I thank You God for most this amazing
day: for the leaping greenly spirits of trees
and a blue true dream of sky;and for everything
which is natural which is infinite which is yes
(i who died am alive again today,
and this is the sun’s birthday;this is the birth
day of life and of love and wings:and of the gay
great happening illimitably earth)
how should tasting touching hearing seeing
breathing any—lifted from the no
of all nothing—human merely being
doubt unimaginable You?
(now the ears of my ears awake and
now the eyes of my eyes are opened) [cummings]
Sometimes I have this experience: I am present, and then all of a sudden, I become aware. Oddly, awareness often distracts one from immersion within a moment–awareness causes one to step back and see, to notice with intention until the senses are full and you pass back into just being. It’s like this: I’m sitting in the same old corner of the same old coffee shop, trying to fit more words into the minutes I have left before class than is wise, but then, the timeliness of the moment fades and I am just wondering how it happened that I get to spend my days hanging out with all of the words, because that is incredible. I wonder, once I’m back to reading, if telling my professor that I got “caught up in being aware” is as good as “the dog ate my homework.”
Another day I’m walking across my beloved Quad, and the sky is so infinite that it makes me think of everything I love most. It’s been a rainy winter in these parts, but this day sings spring to us–it’s glimmering on the tops of everyone’s heads–and I stop. I touch the arm of my comrade: look, look, look. Maybe his face is asking if I’m going crazy, but I don’t know, because the sky is making me think about the way my mother looked when she gardened and how chocolate chip pound cake tastes and what it’s like to feel very pretty. We walk some more and bid one another adieu, and now I am free to let the grace take me to the last time someone gave me flowers and I am free to lose my immersion in the present and instead let the awareness of the infinite fly me and I am free.
All week long, I am sick; sniffles and coughs and throat-gurgling that makes the people around me grimace (my apologies.) All week long the sleep is not quite long enough, it seems; all week long, I rise and shine and get brave early. (Except when I don’t, but see, that’s another story.) But despite the sickness–or maybe because of it, on account of, well, NyQuil–this keeps happening, these pullings-away where I have no choice but to extrapolate every bit of goodness out of any given moment, or I have no choice but to look in the face of something I like to leave forgotten, and either way, I am here and there all at the same time. “Can it be?” I asked our God, as sometimes I get a little too emotional for my own good, and honestly, was relishing pound cake while I walked down the sidewalk really a good idea? “Should it be?” I say it again, and I feel His smile in my bones. “Oh, but it should.”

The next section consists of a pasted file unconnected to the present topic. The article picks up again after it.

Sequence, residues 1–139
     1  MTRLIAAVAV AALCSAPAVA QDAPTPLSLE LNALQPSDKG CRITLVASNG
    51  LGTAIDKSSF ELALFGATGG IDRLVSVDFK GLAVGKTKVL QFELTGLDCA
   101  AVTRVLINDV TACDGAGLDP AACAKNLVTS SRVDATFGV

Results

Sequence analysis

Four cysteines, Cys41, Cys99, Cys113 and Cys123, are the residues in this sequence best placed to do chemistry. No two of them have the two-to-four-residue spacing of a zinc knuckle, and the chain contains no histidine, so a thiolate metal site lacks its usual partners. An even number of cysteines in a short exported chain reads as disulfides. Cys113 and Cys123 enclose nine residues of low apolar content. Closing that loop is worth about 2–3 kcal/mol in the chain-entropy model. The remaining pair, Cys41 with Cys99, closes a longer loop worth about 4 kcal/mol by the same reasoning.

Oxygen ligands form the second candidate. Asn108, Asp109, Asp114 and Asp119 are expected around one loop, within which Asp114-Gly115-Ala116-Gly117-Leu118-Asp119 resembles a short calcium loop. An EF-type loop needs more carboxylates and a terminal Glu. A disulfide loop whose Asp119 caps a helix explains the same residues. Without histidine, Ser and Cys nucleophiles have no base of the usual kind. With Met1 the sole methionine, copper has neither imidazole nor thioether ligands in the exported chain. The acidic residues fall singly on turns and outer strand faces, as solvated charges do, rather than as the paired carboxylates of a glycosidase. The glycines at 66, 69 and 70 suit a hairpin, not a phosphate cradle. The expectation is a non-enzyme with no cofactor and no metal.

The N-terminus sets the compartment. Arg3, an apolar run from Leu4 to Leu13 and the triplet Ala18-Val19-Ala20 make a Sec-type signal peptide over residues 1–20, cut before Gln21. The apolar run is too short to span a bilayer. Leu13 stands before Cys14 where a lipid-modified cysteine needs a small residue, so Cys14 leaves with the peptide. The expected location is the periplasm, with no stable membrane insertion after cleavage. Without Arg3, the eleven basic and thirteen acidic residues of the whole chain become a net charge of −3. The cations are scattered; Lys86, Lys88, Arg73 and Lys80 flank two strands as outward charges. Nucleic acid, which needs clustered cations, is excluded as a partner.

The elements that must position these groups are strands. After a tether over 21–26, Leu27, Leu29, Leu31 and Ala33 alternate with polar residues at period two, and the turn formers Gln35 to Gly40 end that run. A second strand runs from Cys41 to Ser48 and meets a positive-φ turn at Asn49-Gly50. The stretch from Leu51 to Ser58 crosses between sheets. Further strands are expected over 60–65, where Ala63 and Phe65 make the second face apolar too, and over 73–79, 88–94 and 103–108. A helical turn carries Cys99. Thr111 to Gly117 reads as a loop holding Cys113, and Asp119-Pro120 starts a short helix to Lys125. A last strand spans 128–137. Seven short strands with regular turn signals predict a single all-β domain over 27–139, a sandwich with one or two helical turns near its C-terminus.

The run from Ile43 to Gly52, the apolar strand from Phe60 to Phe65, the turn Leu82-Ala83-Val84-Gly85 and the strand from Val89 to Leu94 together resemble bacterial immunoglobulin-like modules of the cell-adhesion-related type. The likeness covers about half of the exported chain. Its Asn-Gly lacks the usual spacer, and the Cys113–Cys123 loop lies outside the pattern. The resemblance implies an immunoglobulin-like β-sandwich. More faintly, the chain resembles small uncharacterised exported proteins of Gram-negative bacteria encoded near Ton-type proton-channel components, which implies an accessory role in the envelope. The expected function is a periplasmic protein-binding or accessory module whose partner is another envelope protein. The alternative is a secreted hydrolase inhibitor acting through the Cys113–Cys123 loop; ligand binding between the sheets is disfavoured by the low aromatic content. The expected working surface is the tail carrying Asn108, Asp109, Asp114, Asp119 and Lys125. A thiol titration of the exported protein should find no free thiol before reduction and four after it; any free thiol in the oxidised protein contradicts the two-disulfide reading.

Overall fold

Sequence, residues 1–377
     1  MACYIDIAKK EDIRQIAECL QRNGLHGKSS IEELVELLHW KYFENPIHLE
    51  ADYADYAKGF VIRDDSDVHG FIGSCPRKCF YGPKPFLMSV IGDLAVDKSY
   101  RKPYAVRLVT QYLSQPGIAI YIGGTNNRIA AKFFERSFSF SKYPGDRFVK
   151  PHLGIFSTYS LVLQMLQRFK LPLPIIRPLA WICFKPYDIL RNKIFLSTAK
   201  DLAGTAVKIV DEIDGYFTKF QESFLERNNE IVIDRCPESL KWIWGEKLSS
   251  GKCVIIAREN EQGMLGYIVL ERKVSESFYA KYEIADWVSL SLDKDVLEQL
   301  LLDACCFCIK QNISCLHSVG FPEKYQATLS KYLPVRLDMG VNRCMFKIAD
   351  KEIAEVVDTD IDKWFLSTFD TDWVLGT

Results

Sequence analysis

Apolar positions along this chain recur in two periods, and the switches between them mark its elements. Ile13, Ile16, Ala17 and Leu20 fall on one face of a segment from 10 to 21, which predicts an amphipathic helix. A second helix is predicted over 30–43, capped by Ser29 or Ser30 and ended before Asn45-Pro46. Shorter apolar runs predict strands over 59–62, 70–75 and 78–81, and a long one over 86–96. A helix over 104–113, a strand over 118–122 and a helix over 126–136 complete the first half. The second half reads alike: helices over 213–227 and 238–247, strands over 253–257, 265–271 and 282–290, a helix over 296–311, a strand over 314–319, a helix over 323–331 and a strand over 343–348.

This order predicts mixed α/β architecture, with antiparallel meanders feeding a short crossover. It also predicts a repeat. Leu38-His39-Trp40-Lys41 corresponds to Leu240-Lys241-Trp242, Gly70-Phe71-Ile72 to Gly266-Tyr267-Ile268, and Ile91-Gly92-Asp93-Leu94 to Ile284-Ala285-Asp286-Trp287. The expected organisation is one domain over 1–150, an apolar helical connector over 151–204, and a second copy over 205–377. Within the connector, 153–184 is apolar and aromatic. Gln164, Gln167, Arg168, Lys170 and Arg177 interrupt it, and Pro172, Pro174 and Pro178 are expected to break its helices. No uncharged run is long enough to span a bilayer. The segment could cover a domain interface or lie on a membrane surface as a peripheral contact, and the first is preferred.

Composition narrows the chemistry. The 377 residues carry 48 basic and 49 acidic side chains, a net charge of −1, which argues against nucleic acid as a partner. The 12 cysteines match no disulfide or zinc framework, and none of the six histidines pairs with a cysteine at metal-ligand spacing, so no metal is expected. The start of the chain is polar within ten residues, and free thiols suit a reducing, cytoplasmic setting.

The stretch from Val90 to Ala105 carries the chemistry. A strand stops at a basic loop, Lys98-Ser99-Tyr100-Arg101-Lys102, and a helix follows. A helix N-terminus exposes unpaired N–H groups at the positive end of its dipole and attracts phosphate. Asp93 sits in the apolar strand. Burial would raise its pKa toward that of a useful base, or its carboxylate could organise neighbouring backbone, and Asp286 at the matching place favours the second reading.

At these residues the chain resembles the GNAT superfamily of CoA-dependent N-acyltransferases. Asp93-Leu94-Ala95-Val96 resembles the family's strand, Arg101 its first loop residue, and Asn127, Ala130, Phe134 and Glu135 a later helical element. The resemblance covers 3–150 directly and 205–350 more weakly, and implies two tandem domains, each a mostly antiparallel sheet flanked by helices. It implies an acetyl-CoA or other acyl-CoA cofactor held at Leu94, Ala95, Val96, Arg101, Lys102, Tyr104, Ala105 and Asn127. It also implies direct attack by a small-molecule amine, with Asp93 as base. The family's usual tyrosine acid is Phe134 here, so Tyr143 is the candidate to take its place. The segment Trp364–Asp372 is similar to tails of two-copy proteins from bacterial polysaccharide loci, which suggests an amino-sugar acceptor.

Every good gift and every perfect (free, large, full) gift is from above; it comes down from the Father of all [that gives] light, in [the shining of] Whom there can be no variation [rising or setting] or shadow cast by His turning [as in an eclipse]. –James 1:17
I invite you, then, into the infinite. I do not ask that you would forget where you are, but rather that you would feel it fully, that your freedom would dance you around to all of the wonder and splendor that this fallen world does indeed hold. May you cross between the place where the angels fly, the place where our spirits long to be, and come back again, bent on running this race. Let us blearily stumble into the kitchen for a mug at 5:30 a.m., prayers for strength falling from our lips, because that is life–and let us notice the way light charges our souls, because that can be life, too; and let us be free.